Alumnus shares journey to Harvard


Denis Perez / The Advocate

Contra Costa College alumnus Edwin Reyes (left) talks to physics major Ruth Elizabeth Whet (right) in the Physical Sciences Building after his Friday seminar.

By Denis Perez, Editor-in-Chief

A village raises a child the same way a college community develops a student.

That community consists of faculty, classified staff, administrators and successful alumni who take time to nurture student interests and make those interests relevant to their educational paths.

Harvard Medical School postdoctoral researcher Edwin Reyes, a Contra Costa College alumnus, said the support he received at CCC made him believe in himself. And that is the reason he came back to speak to students in a two-day event at Fireside Hall on Thursday, and Friday in GE-225.

Dr. Reyes found his passion for baseball at El Cerrito High School, which lasted through his graduation.

“My priorities were to pitch, play baseball and work out. Then I took a chemistry course at CCC and I liked it,” Dr. Reyes said. “It wasn’t because I was good in it, but because the professor (chemistry professor Joe Ledbetter) became a mentor rather than an instructor.”

Ledbetter said, “His (Reyes’) self-esteem toward education was not high and his heart was in baseball.”

Reyes was unique in the way he quickly learned things and was very “street smart,” Ledbetter said.

He said, “He exhibited qualities of someone very intelligent and educationally capable, but he just needed those qualities mined out of him.”

Reyes said Ledbetter suggested he join the Center for Science Excellence program at CCC.

Reyes did and it changed his perspective on what hard work could do in college and what college could do for him in return.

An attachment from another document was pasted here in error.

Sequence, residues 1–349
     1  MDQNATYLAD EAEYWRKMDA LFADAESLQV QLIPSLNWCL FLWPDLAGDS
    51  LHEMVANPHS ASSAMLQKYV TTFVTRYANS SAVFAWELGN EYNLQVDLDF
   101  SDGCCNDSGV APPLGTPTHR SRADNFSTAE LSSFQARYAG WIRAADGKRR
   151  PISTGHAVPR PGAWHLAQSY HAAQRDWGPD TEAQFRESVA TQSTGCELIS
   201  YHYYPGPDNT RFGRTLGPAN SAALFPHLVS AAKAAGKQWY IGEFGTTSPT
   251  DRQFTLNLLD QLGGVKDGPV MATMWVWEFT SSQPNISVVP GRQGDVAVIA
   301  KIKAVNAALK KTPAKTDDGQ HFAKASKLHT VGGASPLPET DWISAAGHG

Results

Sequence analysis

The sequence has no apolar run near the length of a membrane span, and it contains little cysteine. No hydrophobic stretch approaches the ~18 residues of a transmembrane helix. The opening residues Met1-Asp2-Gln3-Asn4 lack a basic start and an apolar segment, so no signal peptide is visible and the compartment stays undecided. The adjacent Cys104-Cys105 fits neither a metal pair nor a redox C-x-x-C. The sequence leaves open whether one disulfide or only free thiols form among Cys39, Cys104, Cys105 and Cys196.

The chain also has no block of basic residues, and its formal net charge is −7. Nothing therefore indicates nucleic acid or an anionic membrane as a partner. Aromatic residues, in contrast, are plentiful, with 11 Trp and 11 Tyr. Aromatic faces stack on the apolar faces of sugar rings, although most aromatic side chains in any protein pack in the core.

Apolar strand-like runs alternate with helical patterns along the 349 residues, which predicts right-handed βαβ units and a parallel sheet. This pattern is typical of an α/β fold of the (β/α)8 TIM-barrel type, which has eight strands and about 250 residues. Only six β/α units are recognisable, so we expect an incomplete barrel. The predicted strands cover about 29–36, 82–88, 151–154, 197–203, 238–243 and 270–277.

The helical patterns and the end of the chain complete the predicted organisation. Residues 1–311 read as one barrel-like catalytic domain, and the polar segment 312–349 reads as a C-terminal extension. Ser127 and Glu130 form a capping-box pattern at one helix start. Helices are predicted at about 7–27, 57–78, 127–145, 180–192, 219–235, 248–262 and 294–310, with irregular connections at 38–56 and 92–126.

He said he started to sacrifice his time outside of school and the sacrifices accumulated. Through scholarships, stipends and grants, he said he gained half a million dollars worth of education he didn’t pay for out of his own wallet.

STEM Café organizer Sedi Sidharta said Reyes is a prime example of what students who do their best by applying for financial aid, scholarships and internships can achieve.

Sidharta said the way Reyes began to network at CCC was by working in a paid position in the CSE. She said at the colleges he attended after CCC he found ways they would pay him to work in a relevant field to his educational field.

She said that Reyes, and others like him, have dedication, motivation, work ethic and a desire to give back.

Reyes, a first generation college student and son of El Salvadorian asylum-seeking immigrants, began his higher educational development at CCC in 2001.

Graduating in 2003, he then transferred to Cal State-East Bay in 2003 where earned his bachelor’s degree in molecular and cell biology in 2006.

Soon after, Reyes taught at De Anza High School in Richmond, where he also coached the varsity baseball team from 2006-08.

Reyes said he saved money for graduate school during his time teaching at De Anza.

In 2008, Reyes enrolled in Minnesota’s Mayo Clinic grad school transition program and was there until 2009. He earned a post-baccalaureate in cancer immunology in the Research Education Program.

He then left to study at the University of Chicago until 2015, when he graduated. There he earned his Ph.D. in immunology and cancer biology.

Reyes has been a postdoctoral researcher at Harvard Medical School since 2015.

At Harvard, Reyes said he is one of the only brown people in his program. He said he was used to being a minority in his educational environment from previous programs like Mayo Clinic and Chicago.

For CCC biology major Carlos Arevalo, the inspiration that comes from Reyes’ words goes a long way for him and his educational path.

Arevalo, who attended Reyes’ seminar on Friday, said he relates to Reyes on a personal level.

Arevalo emigrated legally from El Salvador in 2016.

He said the language transition from Spanish to English and the different lifestyle has made it difficult to succeed in a community college setting.

However, he said his biggest support comes from CSE because there is already a path for people like him to reach the top universities.

“One of us (CCC students) has gone for it and he is coming back to tell us how he did it. I know I can too,” Arevalo said.

Arevalo said because many students have walked that particular path before, he has high hopes that the community support and his own hard work and sacrifice will get him to where he wants to go.